Terrorist who helped teen join ISIS jailed for hiding bank accounts

Convicted terrorist who was jailed for four years for helping teenage jihadist join Islamic State is sent back to prison after failing to tell police about two cars and hiding finance accounts

  • Kristen Brekke was jailed for four years for preparation of terrorist acts in 2016
  • The 26-year-old has been jailed again for breaching an anti-terrorism order
  • He was given nine months for not revealing new bank account and use of cars

A convicted Islamic terrorist who helped a teenage jihadist join Islamic State in Syria has been sent back to jail for keeping secret financial accounts from authorities.

Muslim convert Kristen Brekke was 19 when he was convicted of preparation of terrorist acts and jailed for four-and-a-half years following an Old Bailey trial in 2016.

Brekke was one of three men jailed for helping a teenage jihadi follow in his big brother’s footsteps and Islamic State fighters in Syria in 2014. 

The Welshman helped Aseel Muthana, 18, travel to the Middle East like his 21-year-old brother, Nasser, who he left his Cardiff home in February 2014 for Syria.

Brekke knew Muthana from working alongside him at ‘Ice Cream Passion’ in Cardiff and together filmed themselves holding an imitation gun on a hillside known locally as ‘Asda Hill’ because it overlooks the supermarket.

Brekke bought items for potential use in combat, such as camouflage clothing, on eBay, although Aseel did not take most of them with him.

At the end of the 2016 trial, Brekke, of Grangetown, Cardiff, was convicted of preparation of terrorist acts and jailed for four-and-a-half years.

Brekke reappeared at the Old Bailey today after to admitting four breaches of an anti-terrorism order and was sentenced to nine months in prison.

Convicted terrorist Kristen Brekke (pictured in 2016) has been jailed for nine months for not informing police about two cars he was using and about a Binance account he opened, as well as a pre-paid card account provided by Pockit

Aseel Muthana (pictured) fled Cardiff to join Islamic State with the help of Brekke and two other

Brekke (left) was jailed back in 2016 with Adeel Ulhaq (middle) and Forhad Rahman (right) for helping a teenage jihadi join fighters in Syria

Two of the offences related to Brekke driving cars, namely a Fiat Panda and a Silva Ford when he used them to drive his new employer ‘as a favour’ without notifying police.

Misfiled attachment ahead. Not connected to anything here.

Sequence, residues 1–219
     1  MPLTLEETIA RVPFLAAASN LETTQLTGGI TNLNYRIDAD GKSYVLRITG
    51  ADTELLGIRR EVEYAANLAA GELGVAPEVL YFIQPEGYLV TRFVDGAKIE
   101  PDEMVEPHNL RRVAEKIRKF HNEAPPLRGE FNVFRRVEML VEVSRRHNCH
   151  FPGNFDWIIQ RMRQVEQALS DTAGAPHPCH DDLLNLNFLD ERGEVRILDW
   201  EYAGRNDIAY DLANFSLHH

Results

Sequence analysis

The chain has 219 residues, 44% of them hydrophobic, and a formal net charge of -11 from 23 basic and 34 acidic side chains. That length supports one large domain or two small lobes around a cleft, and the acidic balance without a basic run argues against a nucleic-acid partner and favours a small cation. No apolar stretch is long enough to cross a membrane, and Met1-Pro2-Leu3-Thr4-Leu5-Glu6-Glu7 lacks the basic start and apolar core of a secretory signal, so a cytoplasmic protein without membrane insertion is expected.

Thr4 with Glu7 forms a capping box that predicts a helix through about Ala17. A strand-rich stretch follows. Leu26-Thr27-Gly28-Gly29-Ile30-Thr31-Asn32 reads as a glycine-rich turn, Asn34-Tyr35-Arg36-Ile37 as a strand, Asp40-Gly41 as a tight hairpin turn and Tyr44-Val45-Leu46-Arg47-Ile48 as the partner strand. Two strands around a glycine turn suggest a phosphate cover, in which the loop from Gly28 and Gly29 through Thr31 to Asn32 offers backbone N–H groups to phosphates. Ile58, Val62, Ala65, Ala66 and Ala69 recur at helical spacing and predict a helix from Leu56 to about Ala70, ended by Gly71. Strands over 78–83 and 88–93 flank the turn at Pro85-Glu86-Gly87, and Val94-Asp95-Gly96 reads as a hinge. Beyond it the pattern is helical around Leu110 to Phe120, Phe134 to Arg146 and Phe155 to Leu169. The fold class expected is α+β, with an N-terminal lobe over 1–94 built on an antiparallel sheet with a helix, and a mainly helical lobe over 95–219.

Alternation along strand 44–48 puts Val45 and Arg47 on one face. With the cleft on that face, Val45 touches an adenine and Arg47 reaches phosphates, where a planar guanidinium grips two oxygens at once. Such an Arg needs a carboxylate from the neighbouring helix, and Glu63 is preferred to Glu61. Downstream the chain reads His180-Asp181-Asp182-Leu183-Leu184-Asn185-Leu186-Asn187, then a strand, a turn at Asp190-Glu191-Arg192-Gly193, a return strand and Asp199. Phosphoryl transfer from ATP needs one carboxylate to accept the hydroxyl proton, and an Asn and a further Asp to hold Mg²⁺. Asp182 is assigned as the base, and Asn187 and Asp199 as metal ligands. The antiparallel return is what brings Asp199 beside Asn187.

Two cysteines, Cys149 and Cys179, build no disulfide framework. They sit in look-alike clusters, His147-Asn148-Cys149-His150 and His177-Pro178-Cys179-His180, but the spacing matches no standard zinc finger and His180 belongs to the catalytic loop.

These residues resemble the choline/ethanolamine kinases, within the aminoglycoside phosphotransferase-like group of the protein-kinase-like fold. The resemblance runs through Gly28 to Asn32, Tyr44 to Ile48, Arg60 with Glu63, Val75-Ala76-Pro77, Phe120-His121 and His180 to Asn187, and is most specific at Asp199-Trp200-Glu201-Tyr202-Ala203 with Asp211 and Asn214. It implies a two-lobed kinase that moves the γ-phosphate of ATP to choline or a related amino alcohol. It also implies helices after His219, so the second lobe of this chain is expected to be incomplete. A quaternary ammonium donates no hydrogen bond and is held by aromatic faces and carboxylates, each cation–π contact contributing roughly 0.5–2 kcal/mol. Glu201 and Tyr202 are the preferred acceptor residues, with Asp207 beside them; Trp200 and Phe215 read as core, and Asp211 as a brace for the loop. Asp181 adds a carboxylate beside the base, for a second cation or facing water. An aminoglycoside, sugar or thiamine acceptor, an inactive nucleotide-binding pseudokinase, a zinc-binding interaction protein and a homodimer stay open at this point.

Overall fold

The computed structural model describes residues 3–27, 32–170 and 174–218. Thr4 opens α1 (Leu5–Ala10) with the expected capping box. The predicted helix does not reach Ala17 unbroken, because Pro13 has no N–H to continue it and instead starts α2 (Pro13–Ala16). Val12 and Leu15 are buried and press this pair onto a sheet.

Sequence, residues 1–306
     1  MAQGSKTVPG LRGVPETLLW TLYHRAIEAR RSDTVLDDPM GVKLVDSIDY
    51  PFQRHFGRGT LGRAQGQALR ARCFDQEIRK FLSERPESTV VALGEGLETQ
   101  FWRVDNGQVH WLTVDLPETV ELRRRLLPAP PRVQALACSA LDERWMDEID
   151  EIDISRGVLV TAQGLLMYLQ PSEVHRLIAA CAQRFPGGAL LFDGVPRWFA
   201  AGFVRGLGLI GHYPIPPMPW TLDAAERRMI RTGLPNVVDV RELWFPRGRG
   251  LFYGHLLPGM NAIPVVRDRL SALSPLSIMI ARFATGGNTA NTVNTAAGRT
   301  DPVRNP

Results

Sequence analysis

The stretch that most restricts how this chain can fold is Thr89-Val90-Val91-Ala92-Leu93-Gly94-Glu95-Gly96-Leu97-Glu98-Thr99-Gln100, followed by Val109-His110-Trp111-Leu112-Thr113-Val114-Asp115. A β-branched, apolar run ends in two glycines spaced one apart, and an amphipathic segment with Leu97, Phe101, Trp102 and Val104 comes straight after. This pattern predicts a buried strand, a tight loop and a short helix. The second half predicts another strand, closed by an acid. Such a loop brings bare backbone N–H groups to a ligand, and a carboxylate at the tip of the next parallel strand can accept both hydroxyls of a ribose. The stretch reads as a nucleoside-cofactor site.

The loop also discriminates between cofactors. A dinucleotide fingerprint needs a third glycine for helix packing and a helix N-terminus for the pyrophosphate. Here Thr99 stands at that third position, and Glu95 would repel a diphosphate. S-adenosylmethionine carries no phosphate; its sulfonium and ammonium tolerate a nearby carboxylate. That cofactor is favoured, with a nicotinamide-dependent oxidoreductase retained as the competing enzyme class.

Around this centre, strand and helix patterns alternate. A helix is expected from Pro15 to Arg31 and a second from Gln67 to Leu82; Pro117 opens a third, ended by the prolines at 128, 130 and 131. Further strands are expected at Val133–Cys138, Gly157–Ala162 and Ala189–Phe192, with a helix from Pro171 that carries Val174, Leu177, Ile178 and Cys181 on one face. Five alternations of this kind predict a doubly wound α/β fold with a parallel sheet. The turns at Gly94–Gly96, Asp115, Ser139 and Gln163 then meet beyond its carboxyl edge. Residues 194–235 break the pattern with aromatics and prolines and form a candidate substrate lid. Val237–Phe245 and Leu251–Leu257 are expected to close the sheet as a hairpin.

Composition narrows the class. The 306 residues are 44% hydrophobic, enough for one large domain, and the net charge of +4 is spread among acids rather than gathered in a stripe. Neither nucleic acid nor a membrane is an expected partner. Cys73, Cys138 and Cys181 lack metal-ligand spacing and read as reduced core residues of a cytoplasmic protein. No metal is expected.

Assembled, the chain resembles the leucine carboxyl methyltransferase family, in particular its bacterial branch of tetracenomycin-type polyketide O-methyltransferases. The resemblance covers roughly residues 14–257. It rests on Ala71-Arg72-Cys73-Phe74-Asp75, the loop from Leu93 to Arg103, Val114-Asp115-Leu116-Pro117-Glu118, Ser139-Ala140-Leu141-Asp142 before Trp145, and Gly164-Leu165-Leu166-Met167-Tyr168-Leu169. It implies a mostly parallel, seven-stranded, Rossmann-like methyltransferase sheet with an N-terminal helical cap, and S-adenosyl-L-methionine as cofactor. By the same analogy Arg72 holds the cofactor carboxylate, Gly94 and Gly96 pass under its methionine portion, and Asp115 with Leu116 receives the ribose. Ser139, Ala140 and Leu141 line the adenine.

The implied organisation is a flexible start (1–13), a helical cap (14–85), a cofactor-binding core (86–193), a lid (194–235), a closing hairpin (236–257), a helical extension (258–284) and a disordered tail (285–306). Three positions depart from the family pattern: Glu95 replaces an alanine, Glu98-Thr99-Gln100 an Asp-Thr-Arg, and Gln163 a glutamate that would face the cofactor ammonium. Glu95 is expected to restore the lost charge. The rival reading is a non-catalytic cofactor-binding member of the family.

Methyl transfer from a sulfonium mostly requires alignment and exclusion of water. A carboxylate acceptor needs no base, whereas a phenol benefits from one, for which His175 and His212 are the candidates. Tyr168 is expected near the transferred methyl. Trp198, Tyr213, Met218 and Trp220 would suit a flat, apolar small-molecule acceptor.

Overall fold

The other two offences resulted from failing to notify police of relevant changes in financial information after he opened a crypto-currency account with Binance and a pre-paid card account with Pockit.

The charges dated from between 4 October 2019 and 9 May this year.

Jailing him today, judge Angela Rafferty, QC, said: ‘In my judgment you complied with the requirement until it became too difficult to do so and then you made decisions to try to avoid the rigorous…requirements.

‘It cannot be that terrorist offenders can have unmonitored access to any financial accounts and vehicles.’

Judge Rafferty accepted that ‘no harm’ was actually caused as the accounts had not been used and the cars were private vehicles that he drove ‘as a favour’ to his employer.

She added there was no evidence that Brekke committed the breaches for further offending.

Judge Angela Rafferty accepted that the accounts had not been used and the cars were private vehicles that he drove ‘as a favour’ to his employer

Jacob Bindman, defending, said the accounts were ‘never used’ and that the driving offences were ‘part of legitimate employment’.

Mr Bindman called them ‘narrow breaches’ that had ‘no link whatsoever’ to terrorism or his previous offending.

The barrister told the court that Brekke had a family – a wife and two children.

‘They are about three months away from losing their property altogether.

‘His need to be back in the community and providing for his family is very significant.

‘He was doing everything he could to hold onto a job that was very difficult to come by…that he desperately needed.

‘Harm is undoubtedly extremely low.’

Brekke was locked up for nine months and after serving two-thirds of the sentence, will be subject to an additional year on licence.

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